Some stories you may have missed last week: NYC subway riders use Twitter to call out hot cars, Swiftly app launches Android version, and researchers urge Ontario officials to embrace shared-use mobility.
Sweltering New York City subway riders are using Twitter to complain about hot cars, where the air conditioning is broken. “It’s just like you’re in an oven, it’s so miserable, you know,” one commuter told NY1. Another said, “They should put at least a sign that it’s not air conditioned.” The Metropolitan Transportation Authority encourages riders to share the information via New York City Transit’s Twitter account @NYCTSubway. The authority says it takes hot cars out of service, but a related story from WNYC suggests that the MTA’s response is often less than satisfactory.
Last week, Swiftly launched its mobile application on the Android platform. “We are thrilled to bring more accurate real-time transit information to millions of Android users,” said Jonathan Simkin, Swiftly founder and CEO, in a statement. Swiftly’s multimodal transit app was one of the finalists in the Massachusetts Bay Transportation Authority’s competition for preferred app status.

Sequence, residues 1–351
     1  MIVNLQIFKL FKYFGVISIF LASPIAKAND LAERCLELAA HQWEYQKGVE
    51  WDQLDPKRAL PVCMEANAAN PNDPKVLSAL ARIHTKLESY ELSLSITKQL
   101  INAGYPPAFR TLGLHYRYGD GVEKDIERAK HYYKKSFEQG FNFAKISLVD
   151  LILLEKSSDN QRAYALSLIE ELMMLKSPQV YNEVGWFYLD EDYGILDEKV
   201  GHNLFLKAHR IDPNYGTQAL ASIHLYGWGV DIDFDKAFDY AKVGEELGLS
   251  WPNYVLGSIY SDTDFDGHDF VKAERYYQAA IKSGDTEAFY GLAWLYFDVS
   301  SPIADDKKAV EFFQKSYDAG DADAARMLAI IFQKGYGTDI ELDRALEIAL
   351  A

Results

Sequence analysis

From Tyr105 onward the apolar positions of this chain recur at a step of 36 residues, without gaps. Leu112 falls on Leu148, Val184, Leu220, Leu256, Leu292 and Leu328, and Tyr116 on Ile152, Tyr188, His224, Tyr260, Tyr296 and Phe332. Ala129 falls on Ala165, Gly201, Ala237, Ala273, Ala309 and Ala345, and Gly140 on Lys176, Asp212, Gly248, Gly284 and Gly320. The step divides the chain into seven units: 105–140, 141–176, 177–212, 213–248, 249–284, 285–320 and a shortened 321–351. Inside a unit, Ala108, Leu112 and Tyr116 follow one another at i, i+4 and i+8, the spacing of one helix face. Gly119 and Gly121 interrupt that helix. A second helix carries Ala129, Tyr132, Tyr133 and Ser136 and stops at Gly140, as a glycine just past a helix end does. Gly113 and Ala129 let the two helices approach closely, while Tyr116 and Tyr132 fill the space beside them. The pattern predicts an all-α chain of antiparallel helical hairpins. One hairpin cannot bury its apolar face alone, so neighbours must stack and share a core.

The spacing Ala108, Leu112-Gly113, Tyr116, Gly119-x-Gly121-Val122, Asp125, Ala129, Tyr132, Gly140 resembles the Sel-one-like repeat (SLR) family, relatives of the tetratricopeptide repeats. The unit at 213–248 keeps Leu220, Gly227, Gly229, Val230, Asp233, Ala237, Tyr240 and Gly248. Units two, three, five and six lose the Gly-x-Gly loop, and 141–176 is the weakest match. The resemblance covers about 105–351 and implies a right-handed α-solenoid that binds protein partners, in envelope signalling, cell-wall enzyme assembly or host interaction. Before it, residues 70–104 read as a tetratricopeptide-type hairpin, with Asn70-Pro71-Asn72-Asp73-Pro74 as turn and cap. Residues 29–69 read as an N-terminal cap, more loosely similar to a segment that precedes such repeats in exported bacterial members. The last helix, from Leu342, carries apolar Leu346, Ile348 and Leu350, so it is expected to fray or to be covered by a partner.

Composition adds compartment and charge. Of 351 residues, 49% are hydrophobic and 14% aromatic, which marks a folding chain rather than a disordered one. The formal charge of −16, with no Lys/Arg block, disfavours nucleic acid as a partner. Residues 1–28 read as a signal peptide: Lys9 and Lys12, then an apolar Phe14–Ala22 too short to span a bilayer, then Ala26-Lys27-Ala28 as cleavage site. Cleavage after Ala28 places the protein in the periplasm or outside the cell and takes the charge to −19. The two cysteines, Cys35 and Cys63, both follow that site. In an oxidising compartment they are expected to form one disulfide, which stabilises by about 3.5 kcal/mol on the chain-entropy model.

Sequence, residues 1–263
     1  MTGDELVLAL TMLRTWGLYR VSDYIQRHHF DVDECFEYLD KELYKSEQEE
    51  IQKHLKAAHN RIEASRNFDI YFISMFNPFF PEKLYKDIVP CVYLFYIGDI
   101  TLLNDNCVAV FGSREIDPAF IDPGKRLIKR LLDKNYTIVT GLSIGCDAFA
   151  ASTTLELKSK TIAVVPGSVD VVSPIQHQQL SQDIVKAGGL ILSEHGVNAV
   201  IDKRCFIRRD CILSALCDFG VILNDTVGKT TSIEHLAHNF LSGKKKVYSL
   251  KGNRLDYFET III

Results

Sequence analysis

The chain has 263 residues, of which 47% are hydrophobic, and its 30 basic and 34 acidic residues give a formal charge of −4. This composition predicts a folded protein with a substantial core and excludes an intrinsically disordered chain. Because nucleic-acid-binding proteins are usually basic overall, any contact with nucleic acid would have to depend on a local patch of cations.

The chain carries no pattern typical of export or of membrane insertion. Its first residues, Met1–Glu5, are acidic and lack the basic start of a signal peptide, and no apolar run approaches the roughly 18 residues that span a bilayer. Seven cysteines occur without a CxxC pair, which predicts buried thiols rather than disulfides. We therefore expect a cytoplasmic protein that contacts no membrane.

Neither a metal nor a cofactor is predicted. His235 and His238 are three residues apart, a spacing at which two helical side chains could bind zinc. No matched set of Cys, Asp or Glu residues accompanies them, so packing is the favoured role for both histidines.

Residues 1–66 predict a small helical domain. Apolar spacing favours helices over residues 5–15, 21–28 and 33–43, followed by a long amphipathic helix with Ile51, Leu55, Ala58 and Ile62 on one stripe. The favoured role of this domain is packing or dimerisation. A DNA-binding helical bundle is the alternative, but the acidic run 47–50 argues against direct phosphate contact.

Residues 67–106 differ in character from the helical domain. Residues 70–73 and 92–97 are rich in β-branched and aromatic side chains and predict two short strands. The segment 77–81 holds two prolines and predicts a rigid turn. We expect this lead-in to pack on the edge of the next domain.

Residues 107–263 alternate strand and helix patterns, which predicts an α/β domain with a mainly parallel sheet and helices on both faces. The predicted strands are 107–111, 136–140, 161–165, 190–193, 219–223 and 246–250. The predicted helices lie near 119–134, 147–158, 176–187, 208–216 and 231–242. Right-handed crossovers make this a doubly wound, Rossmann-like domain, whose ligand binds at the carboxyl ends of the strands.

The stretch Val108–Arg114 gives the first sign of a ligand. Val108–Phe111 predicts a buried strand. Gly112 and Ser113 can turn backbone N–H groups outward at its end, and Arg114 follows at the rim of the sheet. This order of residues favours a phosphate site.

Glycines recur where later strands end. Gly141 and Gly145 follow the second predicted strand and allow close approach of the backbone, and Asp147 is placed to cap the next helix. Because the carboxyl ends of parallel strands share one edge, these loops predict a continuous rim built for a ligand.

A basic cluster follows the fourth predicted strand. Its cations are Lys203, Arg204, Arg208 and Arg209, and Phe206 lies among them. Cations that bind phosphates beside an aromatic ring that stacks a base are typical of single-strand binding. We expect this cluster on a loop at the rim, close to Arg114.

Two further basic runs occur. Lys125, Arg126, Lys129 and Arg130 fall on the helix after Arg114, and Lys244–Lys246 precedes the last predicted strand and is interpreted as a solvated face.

Transit agencies in the greater Toronto and Hamilton area can choose to work with new mobility services like Uber or face the consequences of ignoring them, according to a new report from the University of Toronto’s Mowat Centre. The report calls upon the Government of Ontario to “lead and develop a flexible and responsive regulatory framework” that integrates shared mobility into the region’s transportation system. “The fact is that shared mobility is here,” said Sara Ditta, who authored the report along with Michael Crawford Urban and Sunil Johal. “It has and will continue to change how people travel, and policy makers need to take steps to address that.” Link to full story in Toronto Star.
Photo credit: Susan Mara Bregman